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A Preliminary Survey of Fly Breeding at Sanitary Landfills in Hawaii with an Evaluation of Landfill Practices and their Effect on Fly Breeding
|Title:||A Preliminary Survey of Fly Breeding at Sanitary Landfills in Hawaii with an Evaluation of Landfill Practices and their Effect on Fly Breeding|
|Authors:||Toyama, Gary M.|
|Publisher:||Hawaiian Entomological Society|
|Citation:||Toyama GM. 1988. A preliminary survey of fly breeding at sanitary landfills in Hawaii with an evaluation of landfill practices and their effect on fly breeding. Proc Hawaiian Entomol Soc 28:49-56.|
|Abstract:||Fly population surveys were conducted weekly over a five-month period at If) sanitary landfills on the islands of Oahu, Kauai, Maui, and Hawaii. Indices from flies captured on sticky traps made from commercial cockroach traps ranged from 0.78 ± 0.13 at a privately operated landfill to 106.76 i 9.19 at a county landfill. Distinctly higher indices occurred at landfills having less than daily refuse compaction and twice a week soil cover frequencies. Field and laboratory observations indicated that refuse compaction and soil covers did not prevent immature stages of flies already in buried incoming refuse from developing and emerging as adults. Results showed that flies were capable of emerging from refuse buried beneath 25 cm of moist (18.3% moisture content), bulldozer compacted soil cover. The failure of this thick soil cover in preventing fly emergence suggested that a cost-saving thinner layer of soil cover than presently required could be used to adequately maintain its other functions of reducing odors, preventing fires, and minimizing trash flyaway. The immediate consolidation and compaction of incoming refuse to deny ovipositional material to flies, and the application of a minimum twice a week soil cover to reduce odors that attract immigrant flies appeared to be major factors in fly control at landfills.|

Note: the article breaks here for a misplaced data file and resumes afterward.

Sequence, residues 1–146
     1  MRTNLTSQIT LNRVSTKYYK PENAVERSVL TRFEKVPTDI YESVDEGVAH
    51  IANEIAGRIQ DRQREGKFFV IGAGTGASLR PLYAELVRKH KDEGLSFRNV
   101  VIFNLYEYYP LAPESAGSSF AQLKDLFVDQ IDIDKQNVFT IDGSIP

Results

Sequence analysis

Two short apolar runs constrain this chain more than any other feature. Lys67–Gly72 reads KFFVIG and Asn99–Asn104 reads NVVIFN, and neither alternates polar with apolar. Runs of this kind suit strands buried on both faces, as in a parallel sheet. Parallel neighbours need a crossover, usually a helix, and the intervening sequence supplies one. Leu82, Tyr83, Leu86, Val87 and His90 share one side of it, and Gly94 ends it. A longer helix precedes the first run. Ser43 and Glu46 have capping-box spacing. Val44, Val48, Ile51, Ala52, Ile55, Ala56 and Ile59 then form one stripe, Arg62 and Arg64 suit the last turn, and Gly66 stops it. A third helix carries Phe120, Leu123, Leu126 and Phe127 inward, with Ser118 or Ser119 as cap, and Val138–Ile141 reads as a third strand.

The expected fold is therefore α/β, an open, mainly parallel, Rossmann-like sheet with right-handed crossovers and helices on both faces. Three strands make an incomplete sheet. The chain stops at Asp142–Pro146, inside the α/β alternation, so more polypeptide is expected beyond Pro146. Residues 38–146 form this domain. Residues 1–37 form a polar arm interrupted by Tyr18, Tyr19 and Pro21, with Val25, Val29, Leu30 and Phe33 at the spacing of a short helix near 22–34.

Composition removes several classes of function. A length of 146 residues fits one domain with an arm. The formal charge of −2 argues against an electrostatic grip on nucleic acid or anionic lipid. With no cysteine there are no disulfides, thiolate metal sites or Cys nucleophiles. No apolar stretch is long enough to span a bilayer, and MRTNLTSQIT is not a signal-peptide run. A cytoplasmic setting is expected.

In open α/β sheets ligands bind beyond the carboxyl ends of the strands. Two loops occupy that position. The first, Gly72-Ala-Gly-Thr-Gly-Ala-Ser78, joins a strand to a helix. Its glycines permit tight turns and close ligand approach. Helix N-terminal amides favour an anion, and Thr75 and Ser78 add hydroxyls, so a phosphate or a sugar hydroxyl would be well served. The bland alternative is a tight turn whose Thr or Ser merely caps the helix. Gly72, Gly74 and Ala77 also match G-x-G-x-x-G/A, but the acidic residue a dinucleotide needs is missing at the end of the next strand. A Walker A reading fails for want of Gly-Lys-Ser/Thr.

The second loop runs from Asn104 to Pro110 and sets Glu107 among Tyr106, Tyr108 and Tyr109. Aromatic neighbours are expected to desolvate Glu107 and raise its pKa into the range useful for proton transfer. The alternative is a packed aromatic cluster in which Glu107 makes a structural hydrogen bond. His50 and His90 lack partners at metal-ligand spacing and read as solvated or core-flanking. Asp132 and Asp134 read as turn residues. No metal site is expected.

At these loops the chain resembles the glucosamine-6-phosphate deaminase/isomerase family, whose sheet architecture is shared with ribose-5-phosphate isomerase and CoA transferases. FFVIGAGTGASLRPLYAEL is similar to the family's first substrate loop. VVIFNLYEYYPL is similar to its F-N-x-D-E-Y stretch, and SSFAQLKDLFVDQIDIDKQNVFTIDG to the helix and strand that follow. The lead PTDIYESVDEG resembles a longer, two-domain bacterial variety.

|Appears in Collections:||Volume 28 – 1988 : Hawaiian Entomological Society|
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